Worker advocates around the country are preparing to celebrate jumps in the minimum wage when the clock strikes midnight on Jan. 1. And they are bullish about building on those gains in 2017 and 2018, despite a hostile federal government under President-Elect Donald Trump and congressional Republicans.
While Congress has not raised the $7.25-per-hour federal minimum wage in seven years, 19 states will increase their minimum wage on New Year’s Day, while three more, plus the District of Columbia, have set wage increases for mid-year. The majority of those increases are due to ballot initiatives approved by voters, including votes this November in Arizona, California, Colorado, D.C., Maine, Oregon and Washington. According to the National Employment Law Project, an advocacy group that has supported the “Fight for $15” movement to increase the minimum wage to $15 per hour, 19 cities and states are now on track to have a $15 minimum wage, many through incremental increases over the course of several years.
The string of successful statewide ballot initiatives as well as dozens of other increases at the city and county level made 2016 a very good year for the labor union-led movement. “Just in the last year, we’ve been able to raise the minimum wage for eight million people,” says Jonathan Schleifer, executive director of The Fairness Project, an advocacy group that supports campaigns to increase the minimum wage around the country. “We also learned a lot in the last year. We learned that the way to get these raises ... is not going to be through the federal government,” or even state governments, Schleifer says. “It will be done, frankly, through ballot initiatives.”
Other campaigners have not given up on state legislatures. According to Laura Huizar, staff attorney at the National Employment Law Project, the “Fight for $15” movement is gearing up for legislative campaigns in seven states and four cities and counties in 2017, all in the Northeast and one California county that wants to raise its wage to $15 per hour faster than the state plans to. They are also targeting ballot initiatives to raise the minimum wage from $12 to $15 in Ohio and to raise the lower minimum wage set for tipped workers in Washington, D.C. Schleifer’s group, meanwhile, is eyeing additional states to push ballot initiatives in the 2018 election.
The goal is twofold: increase wages for millions of workers and increase the pressure on states that have not raised the minimum wage in years, as well as the federal government. Twenty-four states, mostly in the South and Midwest, do not allow ballot initiatives. Many of these states are controlled by conservative governments that oppose minimum wage increases. And while President Obama and his administration advocated for minimum wage increases at the federal level, his proposals were dismissed by the Republicans controlling the House and Senate. The White House, however, did have some success encouraging state government and the private sector to make moves on their own.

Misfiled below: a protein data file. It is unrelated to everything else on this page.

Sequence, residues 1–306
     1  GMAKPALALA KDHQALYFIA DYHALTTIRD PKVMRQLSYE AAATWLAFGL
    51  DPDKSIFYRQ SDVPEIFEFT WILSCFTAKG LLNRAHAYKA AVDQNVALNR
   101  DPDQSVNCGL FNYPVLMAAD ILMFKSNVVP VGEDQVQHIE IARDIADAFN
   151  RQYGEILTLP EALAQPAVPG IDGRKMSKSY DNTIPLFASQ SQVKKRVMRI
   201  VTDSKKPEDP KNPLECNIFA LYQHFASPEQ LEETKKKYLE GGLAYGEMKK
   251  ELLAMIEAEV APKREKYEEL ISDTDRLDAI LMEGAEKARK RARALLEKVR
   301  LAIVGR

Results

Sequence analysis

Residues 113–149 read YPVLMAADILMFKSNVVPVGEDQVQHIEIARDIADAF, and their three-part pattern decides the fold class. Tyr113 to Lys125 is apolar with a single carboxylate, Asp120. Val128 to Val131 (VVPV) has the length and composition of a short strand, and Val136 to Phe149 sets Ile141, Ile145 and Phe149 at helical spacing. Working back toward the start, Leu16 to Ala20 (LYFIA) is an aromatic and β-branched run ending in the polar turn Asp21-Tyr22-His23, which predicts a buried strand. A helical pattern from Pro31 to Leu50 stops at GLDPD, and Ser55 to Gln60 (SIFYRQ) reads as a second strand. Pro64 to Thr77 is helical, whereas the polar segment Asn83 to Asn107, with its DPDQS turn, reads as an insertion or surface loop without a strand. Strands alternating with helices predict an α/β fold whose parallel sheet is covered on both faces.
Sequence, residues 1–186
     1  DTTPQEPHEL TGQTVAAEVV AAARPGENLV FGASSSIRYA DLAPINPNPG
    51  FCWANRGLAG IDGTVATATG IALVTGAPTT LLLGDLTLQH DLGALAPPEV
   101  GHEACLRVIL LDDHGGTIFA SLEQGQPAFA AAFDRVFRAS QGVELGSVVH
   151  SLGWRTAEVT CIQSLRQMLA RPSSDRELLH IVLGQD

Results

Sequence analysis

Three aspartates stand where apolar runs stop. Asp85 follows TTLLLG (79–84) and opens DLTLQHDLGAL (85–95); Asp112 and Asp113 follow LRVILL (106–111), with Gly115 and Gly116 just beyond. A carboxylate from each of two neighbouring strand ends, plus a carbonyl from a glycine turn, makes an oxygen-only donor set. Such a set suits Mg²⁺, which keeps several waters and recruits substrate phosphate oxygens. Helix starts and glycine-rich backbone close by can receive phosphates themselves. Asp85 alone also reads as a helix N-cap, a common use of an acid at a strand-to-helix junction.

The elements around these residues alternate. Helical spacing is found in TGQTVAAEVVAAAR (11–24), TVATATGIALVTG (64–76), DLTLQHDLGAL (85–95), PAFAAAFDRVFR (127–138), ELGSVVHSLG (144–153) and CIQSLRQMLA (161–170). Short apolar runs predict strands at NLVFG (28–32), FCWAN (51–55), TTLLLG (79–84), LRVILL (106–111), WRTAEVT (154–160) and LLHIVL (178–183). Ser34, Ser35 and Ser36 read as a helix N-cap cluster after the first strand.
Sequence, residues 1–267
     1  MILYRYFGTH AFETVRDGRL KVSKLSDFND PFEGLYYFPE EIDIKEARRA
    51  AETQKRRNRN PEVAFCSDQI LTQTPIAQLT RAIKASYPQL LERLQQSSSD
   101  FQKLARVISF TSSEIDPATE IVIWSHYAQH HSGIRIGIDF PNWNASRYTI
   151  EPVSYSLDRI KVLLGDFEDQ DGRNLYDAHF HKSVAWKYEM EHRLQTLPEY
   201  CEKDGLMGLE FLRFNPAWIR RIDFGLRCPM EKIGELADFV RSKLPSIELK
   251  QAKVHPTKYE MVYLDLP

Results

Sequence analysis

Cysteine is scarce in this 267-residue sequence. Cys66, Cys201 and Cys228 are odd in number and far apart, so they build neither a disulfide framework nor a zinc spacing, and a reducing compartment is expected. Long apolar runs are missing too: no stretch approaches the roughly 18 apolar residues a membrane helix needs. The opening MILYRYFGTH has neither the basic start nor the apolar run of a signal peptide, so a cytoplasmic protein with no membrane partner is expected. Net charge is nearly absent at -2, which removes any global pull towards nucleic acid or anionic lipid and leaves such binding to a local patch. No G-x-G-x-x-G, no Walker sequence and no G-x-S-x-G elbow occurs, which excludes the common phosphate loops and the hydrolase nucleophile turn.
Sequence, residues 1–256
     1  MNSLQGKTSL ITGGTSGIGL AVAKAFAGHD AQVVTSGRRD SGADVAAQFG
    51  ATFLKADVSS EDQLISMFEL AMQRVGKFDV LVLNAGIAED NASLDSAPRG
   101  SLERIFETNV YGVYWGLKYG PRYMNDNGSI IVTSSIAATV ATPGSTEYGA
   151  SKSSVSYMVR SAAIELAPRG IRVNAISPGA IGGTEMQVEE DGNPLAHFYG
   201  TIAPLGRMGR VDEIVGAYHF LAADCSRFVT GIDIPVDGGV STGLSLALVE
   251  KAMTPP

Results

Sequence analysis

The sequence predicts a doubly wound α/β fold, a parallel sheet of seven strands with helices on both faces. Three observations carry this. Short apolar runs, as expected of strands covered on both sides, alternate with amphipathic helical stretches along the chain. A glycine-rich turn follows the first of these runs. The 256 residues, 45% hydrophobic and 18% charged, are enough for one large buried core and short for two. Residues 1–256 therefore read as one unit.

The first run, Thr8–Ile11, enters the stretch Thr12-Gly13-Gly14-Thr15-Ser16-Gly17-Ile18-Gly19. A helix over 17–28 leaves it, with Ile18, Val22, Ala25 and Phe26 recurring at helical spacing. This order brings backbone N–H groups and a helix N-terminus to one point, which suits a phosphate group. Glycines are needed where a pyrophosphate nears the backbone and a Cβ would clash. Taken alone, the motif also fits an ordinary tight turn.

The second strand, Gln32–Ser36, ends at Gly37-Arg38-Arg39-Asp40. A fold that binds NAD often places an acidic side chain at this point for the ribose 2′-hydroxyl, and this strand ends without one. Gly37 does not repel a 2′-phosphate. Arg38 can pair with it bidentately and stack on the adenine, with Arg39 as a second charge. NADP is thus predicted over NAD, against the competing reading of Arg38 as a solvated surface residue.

Trump did pay lip service to helping workers over the course of the presidential campaign, part of a broader populist message that helped send him to the White House. Huizar notes that he also gave his support, at different points, to the idea of a $10 minimum wage. At other times during the campaign, however, he suggested wages were already “too high.” And Trump’s appointment of fast food executive Andy Puzder as his secretary of labor has worker advocates bracing for a decidedly anti-labor stance by the new administration. Puzder, critics point out, has been vocal in his opposition to increasing the minimum wage, arguing it leads to cost increases and job losses. He’s also faced allegations of labor abuses at fast-food chains Carl’s Jr. and Hardee’s, which his company, CKE, operates.
Puzder isn’t alone in opposing minimum wage increases. Many business groups, particularly in the hospitality and retail sectors, argue that higher pay will force them to raise prices and cut back on jobs. And they point to research that underscores the tradeoffs involved as the minimum wage increases, with some job losses in the low-wage sector and higher prices if wages spike too high. Advocates, however, counter that any tradeoffs are minimual, and there is no evidence overall employment rates (as opposed to that for low-wage workers, specifically) have suffered when minimum wage rates have gone up incrementally. They also note a slew of research that has found higher wages increase employees’ productivity and retention, offsetting much of the rise in costs to employers.
Roughly three-quarters of Americans favor raising the minimum wage, though there is disagreement on how much it should go up. Schleifer says that in his group’s internal polling, people were less concerned that raising the minimum wage would hurt jobs than they were by just how low the wage floor was where they lived. “They understand that people just can’t live on the $8 an hour, $7 an hour that many of these states are paying,” he says.
Schleifer and other minimum wage advocates hope the broad popularity of their proposals in a growing number of blue and purple states sends a message to holdouts in the rest of the country. The gains made in 2016 are a very clear political signal, he says, of what Americans are prioritizing. “Frankly, it should also be sending a very clear message to Trump and to Puzder.”